• The most inspiring ceramic work I have seen in thirty years! Beautiful, mesmerising, powerful and thoughtful. Genius! Love, love, love this work.
    – Judith Ramsgate, 53 years old

  • Working mostly with ‘naked clay’, that is without the use of glaze or slip, Cassell first carefully carves and then smoothes and burnishes to remove any blemishes, so virtually making the surface ‘ disappear’, leaving the form clean and prominent
    – Emmanuel Cooper

  • Cassell’s work encompasses and generates complexity and surprise. All of her sculptural work shares a language of geometry and volume but each is intriguingly different
    – Elli Herring

  • Halima Cassell is a maker of considerable versatility, who has extended her signature work in clay to a range of new materials, including marble, glass and porcelain
    – Andrew Lambirth, Art Critic - Spectator Magazine

  • It is not easy to put into words the effect that Halima Cassell’s remarkable ceramic sculptures have on you when you first encounter a well displayed section of her work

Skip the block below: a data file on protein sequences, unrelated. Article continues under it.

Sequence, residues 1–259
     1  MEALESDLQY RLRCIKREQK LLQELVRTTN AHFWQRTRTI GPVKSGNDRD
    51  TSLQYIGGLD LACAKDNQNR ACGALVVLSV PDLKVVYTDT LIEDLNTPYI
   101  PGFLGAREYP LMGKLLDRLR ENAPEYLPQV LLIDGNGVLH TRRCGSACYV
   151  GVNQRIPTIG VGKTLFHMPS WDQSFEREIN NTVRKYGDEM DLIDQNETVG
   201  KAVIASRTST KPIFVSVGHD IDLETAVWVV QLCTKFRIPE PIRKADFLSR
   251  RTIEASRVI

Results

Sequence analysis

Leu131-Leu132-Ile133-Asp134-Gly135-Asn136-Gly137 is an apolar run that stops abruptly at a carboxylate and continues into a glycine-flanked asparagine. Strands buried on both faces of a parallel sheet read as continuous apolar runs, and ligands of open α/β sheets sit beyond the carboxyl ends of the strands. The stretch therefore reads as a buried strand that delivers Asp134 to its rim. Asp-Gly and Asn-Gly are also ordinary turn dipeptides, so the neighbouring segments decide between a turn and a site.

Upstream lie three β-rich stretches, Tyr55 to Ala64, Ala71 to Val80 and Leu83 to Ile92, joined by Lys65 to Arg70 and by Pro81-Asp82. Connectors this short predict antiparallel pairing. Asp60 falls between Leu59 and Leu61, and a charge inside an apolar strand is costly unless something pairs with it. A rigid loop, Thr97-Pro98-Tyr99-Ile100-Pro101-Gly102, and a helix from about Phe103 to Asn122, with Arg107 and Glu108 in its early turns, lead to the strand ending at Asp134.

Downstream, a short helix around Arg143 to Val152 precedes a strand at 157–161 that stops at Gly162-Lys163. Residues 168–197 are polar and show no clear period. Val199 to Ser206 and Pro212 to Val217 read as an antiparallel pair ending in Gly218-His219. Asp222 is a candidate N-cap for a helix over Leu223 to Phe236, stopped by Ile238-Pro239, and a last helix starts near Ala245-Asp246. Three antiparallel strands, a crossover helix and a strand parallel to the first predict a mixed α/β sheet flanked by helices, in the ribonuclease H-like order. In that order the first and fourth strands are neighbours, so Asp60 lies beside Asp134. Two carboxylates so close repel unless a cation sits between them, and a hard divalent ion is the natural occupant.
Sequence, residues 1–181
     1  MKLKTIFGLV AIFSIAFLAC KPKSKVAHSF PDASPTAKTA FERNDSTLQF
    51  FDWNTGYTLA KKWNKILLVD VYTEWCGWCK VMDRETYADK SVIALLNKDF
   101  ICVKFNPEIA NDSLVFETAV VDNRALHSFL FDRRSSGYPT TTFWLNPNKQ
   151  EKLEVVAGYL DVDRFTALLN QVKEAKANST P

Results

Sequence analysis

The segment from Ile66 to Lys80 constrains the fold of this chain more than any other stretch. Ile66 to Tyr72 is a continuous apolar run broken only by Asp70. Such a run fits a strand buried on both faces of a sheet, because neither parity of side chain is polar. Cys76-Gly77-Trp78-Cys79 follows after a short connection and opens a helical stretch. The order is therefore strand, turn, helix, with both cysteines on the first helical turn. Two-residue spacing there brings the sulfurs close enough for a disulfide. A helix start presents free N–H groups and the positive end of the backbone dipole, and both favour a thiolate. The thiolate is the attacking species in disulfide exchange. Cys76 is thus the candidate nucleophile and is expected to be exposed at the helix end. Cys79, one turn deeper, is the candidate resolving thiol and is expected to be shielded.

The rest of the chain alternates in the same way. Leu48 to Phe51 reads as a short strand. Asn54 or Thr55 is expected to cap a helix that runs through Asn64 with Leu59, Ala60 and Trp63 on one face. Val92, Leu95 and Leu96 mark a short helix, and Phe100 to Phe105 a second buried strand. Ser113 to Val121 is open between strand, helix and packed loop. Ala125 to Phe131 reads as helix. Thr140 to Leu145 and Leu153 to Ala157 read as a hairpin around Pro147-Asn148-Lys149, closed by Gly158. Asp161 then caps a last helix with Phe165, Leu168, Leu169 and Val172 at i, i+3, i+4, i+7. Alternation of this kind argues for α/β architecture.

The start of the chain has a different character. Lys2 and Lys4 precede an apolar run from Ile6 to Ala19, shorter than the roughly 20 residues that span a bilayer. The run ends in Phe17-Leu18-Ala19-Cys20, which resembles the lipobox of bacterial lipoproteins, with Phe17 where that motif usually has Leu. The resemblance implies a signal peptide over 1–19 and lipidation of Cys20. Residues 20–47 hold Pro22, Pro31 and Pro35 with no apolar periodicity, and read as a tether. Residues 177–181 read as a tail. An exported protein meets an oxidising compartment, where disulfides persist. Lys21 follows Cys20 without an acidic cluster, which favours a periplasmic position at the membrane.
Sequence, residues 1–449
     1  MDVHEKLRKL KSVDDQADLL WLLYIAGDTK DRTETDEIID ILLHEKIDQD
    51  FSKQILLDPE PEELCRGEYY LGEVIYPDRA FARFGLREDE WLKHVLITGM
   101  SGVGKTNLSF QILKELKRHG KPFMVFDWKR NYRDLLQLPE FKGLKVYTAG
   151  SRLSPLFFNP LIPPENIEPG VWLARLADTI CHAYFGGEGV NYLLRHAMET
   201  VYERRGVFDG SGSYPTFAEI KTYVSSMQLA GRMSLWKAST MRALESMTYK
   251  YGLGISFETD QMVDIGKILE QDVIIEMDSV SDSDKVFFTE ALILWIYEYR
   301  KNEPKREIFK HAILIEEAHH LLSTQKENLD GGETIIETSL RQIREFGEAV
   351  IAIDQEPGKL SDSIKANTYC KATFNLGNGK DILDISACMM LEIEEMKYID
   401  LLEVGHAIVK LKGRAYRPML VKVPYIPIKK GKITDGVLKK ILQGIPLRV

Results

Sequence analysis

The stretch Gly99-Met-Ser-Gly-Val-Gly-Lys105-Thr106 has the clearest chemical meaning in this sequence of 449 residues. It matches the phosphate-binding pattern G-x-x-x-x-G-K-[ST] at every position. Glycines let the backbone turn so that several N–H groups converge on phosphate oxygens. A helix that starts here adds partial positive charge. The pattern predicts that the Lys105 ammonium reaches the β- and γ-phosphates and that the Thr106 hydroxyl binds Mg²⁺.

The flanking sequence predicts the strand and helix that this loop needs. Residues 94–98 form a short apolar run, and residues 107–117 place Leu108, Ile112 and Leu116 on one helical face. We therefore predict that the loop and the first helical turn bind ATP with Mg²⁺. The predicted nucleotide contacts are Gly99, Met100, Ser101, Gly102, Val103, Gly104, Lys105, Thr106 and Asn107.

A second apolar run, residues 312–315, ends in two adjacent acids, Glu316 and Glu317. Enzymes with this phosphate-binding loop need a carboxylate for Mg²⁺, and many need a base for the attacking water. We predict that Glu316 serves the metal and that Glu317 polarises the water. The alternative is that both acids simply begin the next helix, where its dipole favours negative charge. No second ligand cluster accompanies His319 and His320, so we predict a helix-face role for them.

– Zachary Kingdom

  • She was sketching constantly and continually sought to transpose her drawings into sculptural forms. The surface as well as the shapes emerged together in sculpture which often combined enormous complexity with simplicity and unity.
    – Helaine Blumenfeld OBE FRBS Dlitt

  • I love this artist’s work. How she keeps her molten flowing themes through different media – stone, concrete, wood and even glass. Long to touch them. What a unique eye and hand she has. Wonderful.
    – Maureen Lepman

  • Halima’s work demonstrates incredible dedication and energy; one thing is clear, she will be among the future pathfinders and leaders.
    – Alan Grieve, Chairman, The Jerwood Foundation

  • Her profound understanding of the geometric rules governing any given pattern, allow her to bend, or even break them.
    – Peter Randell-Page, Sculptor

  • Her main preoccupation and sculptural impulse is to penetrate beneath the skin of the form to reveal the structure within – the crystalline seed of the stone, or the skeleton-like armature she perceives within the clay. She does not carve exteriors but reveals interiors – the folded abstract inner landscapes of her singular and highly imaginative vision.
    – Andrew Lambirth, Art Critic - Spectator Magazine